Michael Baugh CDBC CPDT-KSA CSAT
It wasn’t that long ago that folks thought of online dog training (live video coaching) as a second choice. We considered it a good-enough option when in-person training wasn’t available. There are some reasons for that. Dog trainers weren’t as good at remote training as we are today. Fair enough. The other reason, though, is that we just didn’t know what we didn’t know. The pandemic, quite frankly, forced us to immerse ourselves in online learning experiences. Little-by-little it became a welcome part of our comfort zones. We got good at it and we learned how good it could be for us.
Dog training and behavior coaching has some key elements in every case:
- Setting goals
- Charting a training plan
- The trainer modeling specific skills and exercises
- The client practicing those skills hands-on and getting feedback
- Review and Follow up
The truth is, not only are all of those things able to be accomplished live on a video connection, some of them are actually better accomplished that way. I take notes for my clients and can often send clients a written training plan the very same day if we are working online. I also record demonstrations and practice sessions and can send a link for those to the client within minutes after our consultation.
And, believe it or not, there are real disadvantages to seeing a client and their dog in-person. For dogs with aggression issues, having a stranger in the home can be very stressful. Half of a training session or more can be wasted just getting the dog to calm down. We don’t have that problem with live video coaching. The client can work with their dog in a calm stress-free environment, skill-building and preparing the dog for real-life encounters later in the process. Dog separation anxiety training is done entirely online. The idea is to help the dog learn how to be calm when left alone. You don’t invite someone over and then leave the dog alone, right? It’s essential that the trainer not be there so that he can monitor your dog’s behavior when left on his own.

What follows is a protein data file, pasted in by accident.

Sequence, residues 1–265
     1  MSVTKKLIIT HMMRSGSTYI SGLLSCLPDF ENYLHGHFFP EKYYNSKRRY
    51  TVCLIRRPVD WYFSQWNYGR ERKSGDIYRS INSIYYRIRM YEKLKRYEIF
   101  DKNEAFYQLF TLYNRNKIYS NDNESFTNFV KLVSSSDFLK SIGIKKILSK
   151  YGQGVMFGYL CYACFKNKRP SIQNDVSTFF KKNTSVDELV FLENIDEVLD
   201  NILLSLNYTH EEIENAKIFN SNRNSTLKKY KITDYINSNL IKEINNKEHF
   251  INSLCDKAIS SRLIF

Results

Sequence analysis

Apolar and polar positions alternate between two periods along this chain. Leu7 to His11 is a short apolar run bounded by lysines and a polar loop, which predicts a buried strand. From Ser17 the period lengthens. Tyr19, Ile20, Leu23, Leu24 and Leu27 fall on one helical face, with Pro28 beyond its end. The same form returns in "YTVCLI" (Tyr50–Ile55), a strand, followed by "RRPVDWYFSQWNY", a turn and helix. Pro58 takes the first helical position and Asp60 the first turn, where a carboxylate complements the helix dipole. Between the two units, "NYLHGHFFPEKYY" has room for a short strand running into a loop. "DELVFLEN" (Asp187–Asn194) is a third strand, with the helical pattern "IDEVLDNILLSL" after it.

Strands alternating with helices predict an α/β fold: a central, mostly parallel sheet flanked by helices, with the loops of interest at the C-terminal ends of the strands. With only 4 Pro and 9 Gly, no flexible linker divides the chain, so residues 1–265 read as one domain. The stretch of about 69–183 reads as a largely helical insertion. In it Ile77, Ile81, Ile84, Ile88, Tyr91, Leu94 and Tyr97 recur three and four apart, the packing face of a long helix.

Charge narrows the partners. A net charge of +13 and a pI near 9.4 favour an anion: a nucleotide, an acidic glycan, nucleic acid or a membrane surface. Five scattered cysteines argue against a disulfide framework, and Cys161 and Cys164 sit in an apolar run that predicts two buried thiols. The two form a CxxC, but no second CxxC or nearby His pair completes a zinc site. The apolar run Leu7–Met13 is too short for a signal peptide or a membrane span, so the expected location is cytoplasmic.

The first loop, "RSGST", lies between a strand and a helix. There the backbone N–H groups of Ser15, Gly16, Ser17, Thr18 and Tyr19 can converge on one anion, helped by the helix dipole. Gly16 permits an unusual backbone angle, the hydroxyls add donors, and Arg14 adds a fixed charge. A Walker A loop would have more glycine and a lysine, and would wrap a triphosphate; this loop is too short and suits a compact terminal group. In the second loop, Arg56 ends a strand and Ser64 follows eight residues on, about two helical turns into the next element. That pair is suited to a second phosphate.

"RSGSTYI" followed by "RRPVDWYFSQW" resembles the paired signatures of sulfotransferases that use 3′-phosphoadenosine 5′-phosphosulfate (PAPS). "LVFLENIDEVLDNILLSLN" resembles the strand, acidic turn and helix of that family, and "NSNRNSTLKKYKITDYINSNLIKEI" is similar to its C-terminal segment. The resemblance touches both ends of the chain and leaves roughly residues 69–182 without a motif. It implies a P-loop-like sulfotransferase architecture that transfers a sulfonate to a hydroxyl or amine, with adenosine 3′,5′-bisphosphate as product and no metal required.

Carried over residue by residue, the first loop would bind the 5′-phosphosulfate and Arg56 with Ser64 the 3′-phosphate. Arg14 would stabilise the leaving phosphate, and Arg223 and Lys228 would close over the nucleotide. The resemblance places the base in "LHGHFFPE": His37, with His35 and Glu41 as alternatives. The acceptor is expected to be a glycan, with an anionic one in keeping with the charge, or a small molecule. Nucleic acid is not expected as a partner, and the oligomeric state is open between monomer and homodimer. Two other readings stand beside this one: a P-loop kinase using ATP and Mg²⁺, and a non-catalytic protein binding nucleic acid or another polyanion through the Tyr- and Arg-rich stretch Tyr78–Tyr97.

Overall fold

It’s normal to have some hesitation around online training. I get it. Many of our clients did at first too. Then the reviews started coming in:
Michael is Very professional and helpful. We were worried about the training being performed virtually at first but found that the training was just as helpful as in person training if not better. – Mary C
I was worried how training might translate over Zoom since we began at the height of COVID, but everything went so smoothly and I think the distance helped Finn to be a bit more natural at home during training sessions. – Corrine B
Even through remote training due to covid, Michael’s professional assessment and training skills shone through and worked wonders. He gave us a customized plan to help her build trust and positive engagement with my husband. – Mabry Family
We met with Michael through Zoom meetings and he helped us immensely with positive training techniques that helped our pup become a loving part of our family. – Pat V
We’ve learned there are other real advantages to live video dog training sessions online, as well.
- Expert help when you need it. There are still too few dog behaviorists and dog behavior consultants who handle difficult behavior cases. With online coaching you can access experts more easily with less wait time for an appointment.
- Convenience of scheduling. With no worries about service area or travel time, we can make more evening and weekend time slots available.
- Expert care and instruction no matter where you are. Online dog behavior coaching is not bound by geography or service area boundaries.
- Safety. Online coaching is stress-free for dogs with aggression issues.
- Less stressful for the humans, too. There’s no fuss or worry about having a stranger in your home.
- Online training costs less.
I’m a watcher of trends. It’s one of my passions. One of the things we are noticing from the pandemic is that we will probably continue to do more work with each other remotely from our own homes. Certainly we crave social interaction in-person. At the same time we are realizing we don’t need that (or want it) for all interactions. If we can get expert help that’s better, quicker, and less expensive, that really should be our first option. Experience has shown me so far it’s likely to be our best option, too.
Michael Baugh teaches dog training in Houston, TX. He’s also able to help people around the world with live video coaching online.